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    #1

    transitive or intransitive

    Dear teachers,
    Is the word "go" a transitive or intransitive verb? It is known that words like arrive, happen are intransitive since they don't have passive form and do not require an object to complete the sentence. But transitive verbs are verbs which do require objects to complete a sentence. I want to know the verb "go" is transitive or intransitive. It seems that GO doesn't require an object but ask for a place which can be named as adverbal place. Would you please clarify this case to me?

    Thanks.

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    #2

    Re: transitive or intransitive

    I am not a teacher


    Some verbs such as go, arrive are always intransitive.

    Transitive verb takes direct object. Direct object can be recognized by asking Subject + Verb + What/Whom?. For example, Mr. X is driving the car. Mr. X is driving What ? Car. That's the direct object. Therefore, "drive" is an transitive verb.

    If it does not work in your sentence then it is an intransitive. verb.

    For example, Mr. X goes to work every morning. My X goes what or whom? That doesn't make sense, so there is no direct object. Therefore, "go" is an intransitive verb.


    Regards

    Rajan



    Quote Originally Posted by kite View Post
    Dear teachers,
    Is the word "go" a transitive or intransitive verb? It is known that words like arrive, happen are intransitive since they don't have passive form and do not require an object to complete the sentence. But transitive verbs are verbs which do require objects to complete a sentence. I want to know the verb "go" is transitive or intransitive. It seems that GO doesn't require an object but ask for a place which can be named as adverbal place. Would you please clarify this case to me?

    Thanks.
    Last edited by rajan; 25-Jan-2014 at 09:55.

  1. MikeNewYork's Avatar
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    #3

    Re: transitive or intransitive

    There are a number of "transitive" uses for "go" that are listed in dictionaries.

    See here: go - definition of go by the Free Online Dictionary, Thesaurus and Encyclopedia.

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    #4
    Thanks Mike. But I don't see GO as transitive since it does not require direct object. Would you please correct me if there is any wrong with my understanding?

    Thanks.

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    #5

    Re: transitive or intransitive

    Quote Originally Posted by kite View Post
    Thanks Mike. But I don't see GO as transitive since it does not require direct object. Would you please correct me if there is any wrong with my understanding?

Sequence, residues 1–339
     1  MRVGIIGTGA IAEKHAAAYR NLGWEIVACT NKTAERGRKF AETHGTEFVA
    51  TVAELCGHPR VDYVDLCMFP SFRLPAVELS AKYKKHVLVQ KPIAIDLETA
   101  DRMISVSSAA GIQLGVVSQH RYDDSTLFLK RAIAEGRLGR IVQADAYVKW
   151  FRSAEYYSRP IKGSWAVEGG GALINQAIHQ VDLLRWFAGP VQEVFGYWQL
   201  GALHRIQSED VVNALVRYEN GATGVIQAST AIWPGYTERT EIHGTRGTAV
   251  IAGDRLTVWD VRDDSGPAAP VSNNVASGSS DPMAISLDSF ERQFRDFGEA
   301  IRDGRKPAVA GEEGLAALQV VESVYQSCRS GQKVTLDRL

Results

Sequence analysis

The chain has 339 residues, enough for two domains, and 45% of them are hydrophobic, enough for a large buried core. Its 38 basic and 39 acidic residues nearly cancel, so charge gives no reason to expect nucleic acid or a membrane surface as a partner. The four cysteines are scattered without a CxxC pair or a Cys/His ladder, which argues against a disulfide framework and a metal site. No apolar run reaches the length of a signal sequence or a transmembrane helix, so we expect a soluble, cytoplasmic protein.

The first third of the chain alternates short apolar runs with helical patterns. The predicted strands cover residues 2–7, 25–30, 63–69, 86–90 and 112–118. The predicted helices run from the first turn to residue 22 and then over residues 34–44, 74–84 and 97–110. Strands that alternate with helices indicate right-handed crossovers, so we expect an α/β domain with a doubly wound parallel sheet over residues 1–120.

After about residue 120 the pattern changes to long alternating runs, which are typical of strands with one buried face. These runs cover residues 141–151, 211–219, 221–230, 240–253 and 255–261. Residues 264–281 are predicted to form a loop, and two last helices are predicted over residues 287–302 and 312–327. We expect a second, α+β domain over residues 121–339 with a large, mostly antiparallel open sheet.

Thanks.
    Did you follow the link I posted. There are number of uses of "go" that do take a direct object. They are not common uses, but they exist.

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    #6
    Hello Mike, let me bother you. Yes I did check the link. I think I lack knowledge of this case. If you do not mind, would you please give me a little bit of explanation of direct objects? The direct objects as I have learnt are words in a sentence that can mean "what and where".

    Thanks.

  3. MikeNewYork's Avatar
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    #7

    Re: transitive or intransitive

    Quote Originally Posted by kite View Post
    Hello Mike, let me bother you. Yes I did check the link. I think I lack knowledge of this case. If you do not mind, would you please give me a little bit of explanation of direct objects? The direct objects as I have learnt are words in a sentence that can mean "what and where".

    Thanks.
    Usually direct objects do not answer the question "where". A direct object is the noun, pronoun, or phrase that is the recipient of the verb's action.

    Here is the listing I sent you to:

    v.tr.1. To proceed or move according to: I was free to go my own way.
    2. To traverse: Only two of the runners went the entire distance.
    3. To engage in: went skiing.
    4. Informala. To bet: go $20 on the black horse.
    b. To bid: I'll go $500 on the vase.

    5. Informala. To take on the responsibility or obligation for: go bail for a client.
    b. To participate to (a given extent): Will you go halves with me if we win the lottery?

    6. To amount to; weigh: a shark that went 400 pounds.
    7. Sports To have as a record: went 3 for 4 against their best pitcher.
    8. Informal To enjoy: I could go a cold beer right now.
    9. To say or utter. Used chiefly in verbal narration: First I go, "Thank you," then he goes, "What for?"

    In each case, the words following a form of the verb "go" is a direct object.

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